“I was reassured by my officers that the signage was correct. And they were right – all of the signs required and approved by the department for transport were, and remain, in place.

“In fact none of the new signs impact on our ability to issue bus gate fines. They are additional, not required signs.

“But as I’ve always been clear that bus gates are in place for road safety reasons and to ease traffic flow, not to trap motorists, we agreed that we would add some additional signs.

“These have now gone in. We replaced two signs that had gone missing and added two extra signs on Hales Street – one just past Swanswell and one just after the turning from Bishop Street.

“They are all back from the bus gate to act as an earlier warning to drivers. But I must make clear that the bus gate is not enforced against these signs. And I must repeat that all of the original signs were approved by the department for transport.

“There are over 15,000 road signs in the city and we have a policy of not over-cluttering our streets with road signs, and we work hard to ensure we find the right balance between communicating the messages we need to, and ensuring the city looks good.

“I make no apology for caring about the way the city looks – I know how important that is to local people and to the others who work, shop and visit.

“Now I’d really like to put an end to this. The signs comply. Additional warnings are in place. Most people adhere to the rules and do not drive through the bus gate. But anyone that does will receive a penalty charge notice.”

EXTRACTS FROM SOME OF TRIBUNAL RULINGS, WHICH UPHELD MOTORISTS’ APPEALS AGAINST FINES AT WHITTLE ARCH BUS GATE…

Stephen Knapp, Adjudicator, 12/12/2016…

“This restriction (no entry to bus gate) has been the subject of a number of appeals to the Tribunal and Adjudicators have generally taken the view that the signing is not adequate.

“Whilst it is entirely a matter for the Council I would suggest that placing the offside sign on the central reservation and using a clear carriageway marking would be a big improvement.

“However on the basis of the evidence which I have I am not satisfied that the signing was adequate and so I find that the contravention did not occur.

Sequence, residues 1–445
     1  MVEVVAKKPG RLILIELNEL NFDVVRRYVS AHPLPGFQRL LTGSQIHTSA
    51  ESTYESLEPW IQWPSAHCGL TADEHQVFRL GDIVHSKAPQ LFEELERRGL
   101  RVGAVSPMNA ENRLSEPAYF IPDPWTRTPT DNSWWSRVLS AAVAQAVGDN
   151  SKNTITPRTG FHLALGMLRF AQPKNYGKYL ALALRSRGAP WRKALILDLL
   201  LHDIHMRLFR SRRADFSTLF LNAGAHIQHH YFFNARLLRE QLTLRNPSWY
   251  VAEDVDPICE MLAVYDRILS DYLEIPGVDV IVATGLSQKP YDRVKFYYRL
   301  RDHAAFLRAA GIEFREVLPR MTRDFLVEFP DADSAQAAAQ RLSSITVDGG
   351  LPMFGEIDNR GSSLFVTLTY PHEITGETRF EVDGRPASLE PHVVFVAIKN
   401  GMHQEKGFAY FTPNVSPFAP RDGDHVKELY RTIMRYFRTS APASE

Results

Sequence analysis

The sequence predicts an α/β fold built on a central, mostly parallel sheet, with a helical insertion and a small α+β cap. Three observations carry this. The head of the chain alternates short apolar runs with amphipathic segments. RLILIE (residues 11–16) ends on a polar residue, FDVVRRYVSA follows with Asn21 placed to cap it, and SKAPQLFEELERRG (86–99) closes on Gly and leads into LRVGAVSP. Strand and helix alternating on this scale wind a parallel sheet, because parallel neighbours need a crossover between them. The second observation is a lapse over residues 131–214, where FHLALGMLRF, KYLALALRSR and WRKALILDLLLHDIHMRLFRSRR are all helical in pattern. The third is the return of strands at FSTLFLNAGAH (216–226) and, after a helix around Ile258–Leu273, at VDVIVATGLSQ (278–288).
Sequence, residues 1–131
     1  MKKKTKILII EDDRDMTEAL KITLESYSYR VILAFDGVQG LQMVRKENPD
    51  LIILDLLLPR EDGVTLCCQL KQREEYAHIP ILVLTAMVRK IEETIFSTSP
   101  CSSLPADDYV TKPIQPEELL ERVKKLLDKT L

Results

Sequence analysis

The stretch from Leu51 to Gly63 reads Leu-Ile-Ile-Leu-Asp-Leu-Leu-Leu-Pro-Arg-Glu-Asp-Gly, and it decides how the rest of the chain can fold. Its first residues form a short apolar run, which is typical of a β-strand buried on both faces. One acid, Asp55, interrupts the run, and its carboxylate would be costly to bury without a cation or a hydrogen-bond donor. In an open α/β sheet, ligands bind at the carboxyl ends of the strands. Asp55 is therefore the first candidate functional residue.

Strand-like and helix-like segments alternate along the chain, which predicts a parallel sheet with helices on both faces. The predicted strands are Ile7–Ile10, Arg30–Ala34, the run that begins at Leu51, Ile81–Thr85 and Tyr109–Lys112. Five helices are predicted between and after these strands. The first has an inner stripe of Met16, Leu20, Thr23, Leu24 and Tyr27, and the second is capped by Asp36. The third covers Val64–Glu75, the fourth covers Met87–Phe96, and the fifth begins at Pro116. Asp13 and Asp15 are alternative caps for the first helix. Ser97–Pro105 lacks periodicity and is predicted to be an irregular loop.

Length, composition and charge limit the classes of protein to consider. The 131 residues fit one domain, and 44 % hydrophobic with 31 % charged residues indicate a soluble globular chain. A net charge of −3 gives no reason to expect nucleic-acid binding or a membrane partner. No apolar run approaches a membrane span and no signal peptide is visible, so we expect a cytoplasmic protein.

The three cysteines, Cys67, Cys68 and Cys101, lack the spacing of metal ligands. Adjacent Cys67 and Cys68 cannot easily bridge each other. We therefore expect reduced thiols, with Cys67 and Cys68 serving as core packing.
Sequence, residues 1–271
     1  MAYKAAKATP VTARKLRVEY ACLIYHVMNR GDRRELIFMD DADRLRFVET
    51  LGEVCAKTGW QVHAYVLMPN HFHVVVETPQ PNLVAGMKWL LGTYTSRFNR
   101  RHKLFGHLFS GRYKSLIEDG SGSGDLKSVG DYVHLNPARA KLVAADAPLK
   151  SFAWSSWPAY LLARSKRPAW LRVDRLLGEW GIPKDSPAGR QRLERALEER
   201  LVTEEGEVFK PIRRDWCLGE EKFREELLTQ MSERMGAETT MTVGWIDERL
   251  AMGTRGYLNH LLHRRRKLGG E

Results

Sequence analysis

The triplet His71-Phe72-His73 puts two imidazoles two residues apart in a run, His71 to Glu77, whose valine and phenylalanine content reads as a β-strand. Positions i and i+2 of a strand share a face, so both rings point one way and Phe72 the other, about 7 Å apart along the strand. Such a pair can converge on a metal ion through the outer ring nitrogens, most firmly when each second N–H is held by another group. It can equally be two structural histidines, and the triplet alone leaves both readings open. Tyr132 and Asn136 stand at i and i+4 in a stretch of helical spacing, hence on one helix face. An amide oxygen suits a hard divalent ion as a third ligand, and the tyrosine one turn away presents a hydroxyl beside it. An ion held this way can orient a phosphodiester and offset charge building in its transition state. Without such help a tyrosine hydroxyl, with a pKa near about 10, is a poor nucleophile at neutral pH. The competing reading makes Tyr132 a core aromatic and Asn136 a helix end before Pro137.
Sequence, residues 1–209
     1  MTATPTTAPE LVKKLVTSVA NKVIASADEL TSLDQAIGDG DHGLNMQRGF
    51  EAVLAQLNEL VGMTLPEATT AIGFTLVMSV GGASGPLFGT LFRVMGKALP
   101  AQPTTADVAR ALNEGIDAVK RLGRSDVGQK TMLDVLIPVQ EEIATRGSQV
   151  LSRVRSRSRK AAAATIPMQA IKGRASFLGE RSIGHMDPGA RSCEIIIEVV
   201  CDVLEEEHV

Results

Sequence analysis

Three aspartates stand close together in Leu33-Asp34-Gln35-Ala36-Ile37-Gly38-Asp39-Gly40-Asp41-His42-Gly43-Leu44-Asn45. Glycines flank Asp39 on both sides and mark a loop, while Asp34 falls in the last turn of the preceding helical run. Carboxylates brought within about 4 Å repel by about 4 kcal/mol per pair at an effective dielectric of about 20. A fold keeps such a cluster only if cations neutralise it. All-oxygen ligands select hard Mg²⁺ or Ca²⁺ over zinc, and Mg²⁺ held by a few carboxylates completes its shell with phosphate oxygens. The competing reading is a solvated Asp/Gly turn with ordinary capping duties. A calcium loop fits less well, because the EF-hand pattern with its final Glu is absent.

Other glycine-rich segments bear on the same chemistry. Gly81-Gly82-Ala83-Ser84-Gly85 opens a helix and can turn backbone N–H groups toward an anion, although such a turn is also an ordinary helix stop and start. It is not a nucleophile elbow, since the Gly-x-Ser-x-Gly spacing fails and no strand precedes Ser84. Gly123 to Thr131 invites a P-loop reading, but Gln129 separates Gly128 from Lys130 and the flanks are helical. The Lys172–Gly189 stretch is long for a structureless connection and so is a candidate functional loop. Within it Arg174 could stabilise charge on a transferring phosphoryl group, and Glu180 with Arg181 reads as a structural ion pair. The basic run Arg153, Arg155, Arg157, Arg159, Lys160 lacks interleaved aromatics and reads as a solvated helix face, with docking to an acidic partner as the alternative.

“The appeal is allowed and Mr (name of driver) has nothing to pay.”

Edward Solomons, Adjudicator, 25/10/2016…

“I am also puzzled that Coventry say that no road surface markings are required. No explanation for the absence of such marking has been provided.

I am not satisfied on the evidence lodged in this case that the signage of the restriction met the required standard and provided adequate information to road users of the restriction that applied.

“In particular, a road surface marking is an important element of the warning provided and no explanation has been provided for the failure to provide this.. I find that the signage was inadequate.”

Paul Pearson, Adjudicator, 26/10/2016…

“She followed a large double deck bus. Whilst there are signs on either side of the road it seems likely that from her vantage point in a small Mini motor car, those signs would have been obscured.. No doubt Ms (name of driver) was more concerned with avoiding a collision.

.. I am not satisfied the signage in the area was adequate. The appeal is allowed and I direct the Council to cancel the PCN (Penalty Charge Notice).”

Shan Cole, Adjudicator, 08/12/2016…

“I accept that there were signs in place on the day which led him to believe that he could not turn right, as he intended, and instead led him to drive through the bus gate. I therefore find that the contravention did not occur and I allow this appeal.”

Annie Hockaday, Adjudicator, 08/02/2017…

“It is difficult for drivers to understand where the restriction applies because Hales St is divided into two lanes separated by a central reservation. The sign on the right is placed far right of the oncoming carriageway and not on the central reservation.

..On the evidence available to me, I am not satisfied that the signing was adequate.”